What did the “brothel deposit” practice by the Imperial Army look like? An example: in Batavia in the Dutch East Indies, Japanese hotelkeeper Wasio Awochi, by order of the Gunseikanbu (military regime), furnished 20 small houses in the Gang Horning, adjacent to a restaurant and a bar.
The brothel was called the Sakura Club. Caucasian Dutch and Eurasian women and girls, many of them lured out of internment camps with false promises, were employed there from Sept 10, 1943, on. Girls of 11 and 14 were placed in the brothel in a later phase.
While members of the military police regularly checked the visitors, the Gunseikanbu inspected the financial administration. After they finished work, the women handed in the receipts they received from their customers. They were required to earn at least 50 guilders a day, which means sex with at least three visitors.
THE ALLIED COUNTER-OFFENSIVE
While thousands of young women and girls were sexually exploited, the tide was turning from mid-1944 on. During Operation Reckless in the strategic island of New Guinea, allied troops liberated 20 American “comfort women” from officers’ brothels in the town of Hollandia. The women were nearly crazy from drugs and dope, as an American pilot observed.
After Japan’s surrender on Aug 14, 1945, the Yokohama Specie Bank was classified as an enemy bank. As Supreme Commander of the Allied Powers, American general Douglas MacArthur ordered all branches to be liquidated. Outside Japan, the dismantling of the branches was carried out by the local authorities, with the United Nations Property Unit of SCAP overseeing the whole process.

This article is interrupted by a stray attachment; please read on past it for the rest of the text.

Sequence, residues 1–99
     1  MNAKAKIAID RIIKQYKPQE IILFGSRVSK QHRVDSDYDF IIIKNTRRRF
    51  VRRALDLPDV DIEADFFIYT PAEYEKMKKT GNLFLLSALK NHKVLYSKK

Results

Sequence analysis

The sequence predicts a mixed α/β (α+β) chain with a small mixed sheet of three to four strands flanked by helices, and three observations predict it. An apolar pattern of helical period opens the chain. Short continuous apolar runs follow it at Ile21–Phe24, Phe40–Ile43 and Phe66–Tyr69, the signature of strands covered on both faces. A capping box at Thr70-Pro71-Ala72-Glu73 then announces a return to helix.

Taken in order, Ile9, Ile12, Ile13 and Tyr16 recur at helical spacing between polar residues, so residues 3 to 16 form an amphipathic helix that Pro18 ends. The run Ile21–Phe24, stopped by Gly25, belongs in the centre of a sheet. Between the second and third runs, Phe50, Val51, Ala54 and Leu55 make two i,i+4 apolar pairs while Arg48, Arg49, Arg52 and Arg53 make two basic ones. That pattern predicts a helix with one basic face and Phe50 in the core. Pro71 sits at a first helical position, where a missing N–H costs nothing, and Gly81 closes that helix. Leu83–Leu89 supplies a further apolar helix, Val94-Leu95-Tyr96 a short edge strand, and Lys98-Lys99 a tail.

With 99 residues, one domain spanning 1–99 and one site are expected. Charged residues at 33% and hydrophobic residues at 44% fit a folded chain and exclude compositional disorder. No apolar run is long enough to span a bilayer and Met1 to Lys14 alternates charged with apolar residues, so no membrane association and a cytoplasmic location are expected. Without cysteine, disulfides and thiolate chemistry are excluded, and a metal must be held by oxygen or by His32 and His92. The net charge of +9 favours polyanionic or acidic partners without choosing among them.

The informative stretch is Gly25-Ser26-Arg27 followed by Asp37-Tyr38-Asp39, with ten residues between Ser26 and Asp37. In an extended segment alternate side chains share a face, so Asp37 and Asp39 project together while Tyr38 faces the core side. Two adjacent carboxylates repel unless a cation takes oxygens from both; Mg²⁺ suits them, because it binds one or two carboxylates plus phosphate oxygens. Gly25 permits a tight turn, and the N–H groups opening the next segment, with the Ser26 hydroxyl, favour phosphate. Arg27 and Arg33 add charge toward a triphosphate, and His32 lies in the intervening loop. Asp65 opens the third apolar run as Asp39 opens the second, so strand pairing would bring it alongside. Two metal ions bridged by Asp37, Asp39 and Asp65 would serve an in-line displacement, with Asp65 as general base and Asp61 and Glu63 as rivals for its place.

Under supervision of the ruling Kuomintang party of the United States-supported General Chiang Kai-Shek, the Bank of Taiwan was reorganised as the first government-owned bank. In practice, it meant that all Japanese Imperial Navy comfort women’s profits of the bank’s branches in the former occupied areas were confiscated by the Kuomintang government.
Even if this is a long time ago, the outstanding debt to victims of Japanese forced prostitution has to be settled. By the Kuomintang party to all indigenous Taiwanese, Korean and Chinese women who were abused in brothels in Taiwan. By the MUFG Bank, the legal successor of the Yokohama Specie Bank, to the victims who were forced to work in brothels in Japan, including Japanese, Korean and Eurasian women.
As for the former colonisers who dismantled the branches of the Bank of Taiwan and Yokohama Specie Bank immediately after the war, additional archival research has to take place. This concerns the US (the Philippines), Great Britain (Burma, British Malaya, British Borneo and Hong Kong), France (Indochina) and the Netherlands (Dutch East Indies).
The Chinese government has liquidated war bank branches on the mainland and Hainan island, as has Australia in Australia New Guinea and Nauru. The Portuguese Banco Nacional Ultramarino in former Portuguese-held Timor functioned as an enemy bank during wartime as well. These bank archives also have to be checked for “brothel deposits”.
Finally, the Japanese Imperial family has to provide transparency on the stocks it owned in both war banks: how did the family members personally benefit from the great wealth of these banks where the earnings of victims of Japanese forced prostitution were deposited? With new emperor Naruhito preaching reiwa (beautiful harmony), closure for the thousands of comfort women and their families can only be obtained through an official apology.
By Griselda Molemans, New Straits Times